The importance of gender equality is clear: Nations that invest in women's employment, health, and education are more likely to have greater economic growth and their children are healthier and better educated. Empowering women as political and social leaders produce more representative and better performing governments and institutions. And a growing body of evidence shows that women offer unique contributions to making and keeping peace. The State Department's embassies and bureaus are already promoting gender equality and advancing the status of women and girls across the a broad range of bilateral, regional, and multilateral diplomatic activity.
That's why the recent release of first-ever Secretarial policy guidance on gender is so important -- and must be further ingrained into all the work U.S. diplomats are doing at the State Department -- from policy development, strategic planning and budgeting to policy and program implementation, monitoring and evaluation, and management and training. Click here for a fact sheet with more information on the Secretarial policy guidance on gender.
It's no secret that Secretary Clinton believes that women must be at the core of America's foreign policy. She has integrated the rights of women and girls not only into all of her diplomatic efforts, but also into the very fabric of the State Department itself through the unveiling of the Quadrennial Diplomacy and Development Review in December 2010. On March 13, 2012, we took an historic step forward in cementing the Secretary's vision into action through the release of this policy guidance on gender. This guidance instructs our embassies and bureaus to implement specific steps to ensure that our diplomacy and development work supports our national security and foreign policy objectives by promoting gender equality and advancing the status of women and girls.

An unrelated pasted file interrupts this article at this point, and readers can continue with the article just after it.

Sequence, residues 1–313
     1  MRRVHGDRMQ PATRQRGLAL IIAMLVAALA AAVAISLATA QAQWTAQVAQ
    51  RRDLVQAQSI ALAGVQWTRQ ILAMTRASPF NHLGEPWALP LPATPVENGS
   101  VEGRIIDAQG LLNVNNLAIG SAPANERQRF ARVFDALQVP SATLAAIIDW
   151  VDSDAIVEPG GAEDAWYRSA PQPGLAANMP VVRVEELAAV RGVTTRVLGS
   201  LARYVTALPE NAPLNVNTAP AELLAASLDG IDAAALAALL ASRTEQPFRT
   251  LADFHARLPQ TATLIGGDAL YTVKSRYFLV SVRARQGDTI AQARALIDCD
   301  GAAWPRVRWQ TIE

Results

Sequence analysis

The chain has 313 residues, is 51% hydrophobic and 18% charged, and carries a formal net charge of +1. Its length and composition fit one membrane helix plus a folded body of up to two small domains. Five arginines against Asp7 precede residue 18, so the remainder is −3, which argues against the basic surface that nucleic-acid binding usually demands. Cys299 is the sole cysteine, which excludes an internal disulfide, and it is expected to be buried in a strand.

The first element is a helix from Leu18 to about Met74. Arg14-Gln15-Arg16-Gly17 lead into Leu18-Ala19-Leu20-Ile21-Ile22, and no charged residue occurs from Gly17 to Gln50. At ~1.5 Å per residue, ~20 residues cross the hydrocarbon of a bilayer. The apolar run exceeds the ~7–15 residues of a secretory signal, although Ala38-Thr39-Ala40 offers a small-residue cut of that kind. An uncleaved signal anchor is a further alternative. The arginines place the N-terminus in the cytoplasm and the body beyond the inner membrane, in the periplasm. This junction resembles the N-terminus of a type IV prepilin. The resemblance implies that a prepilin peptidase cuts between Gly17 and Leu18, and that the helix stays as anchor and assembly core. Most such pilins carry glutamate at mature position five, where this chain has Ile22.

This does not mean simply ensuring a balanced approach to our diplomatic efforts or development assistance or launching one-off programs that affect women and girls. Rather, it requires a focus on reducing gaps between women and men in resources, opportunities, and outcomes in the full range of our programs and diplomatic engagement -- including with host governments, civil society, and the private sector.
We tasked embassies and bureaus with three critical issues to tackle immediately:
- Political participation. To foster democratic outcomes and representative government, bureaus, and embassies should use diplomacy to promote women's equal ability to participate in politics and civic life -- including local and national government processes, civil society, and international and multilateral forums.
- Economic growth. No country that disadvantages half its population can live up to its economic potential. Embassies and bureaus should seek to expand opportunities for women as a critical tool for fostering economic growth and development.
- Peace and security. To foster conflict prevention, management, and resolution, and to promote relief and recovery in post-conflict situations, embassies, and bureaus should draw on the full contributions of both women and men in every aspect of peacemaking, peacekeeping, and peace building.
Secretary Clinton declared her personal commitment to gender equality at her confirmation hearing in January 2009. I share deeply in this commitment as do many, many others in the United States and across the globe. But this is not just a matter of personal importance, it's of strategic importance. Simply put, advancing the status of women and girls is critical to the success of our foreign policy priorities of stability, prosperity, and peace.
Visit state.gov/s/gwi/ for more information on the Office of Global Women's Issues at the U.S. Department of State.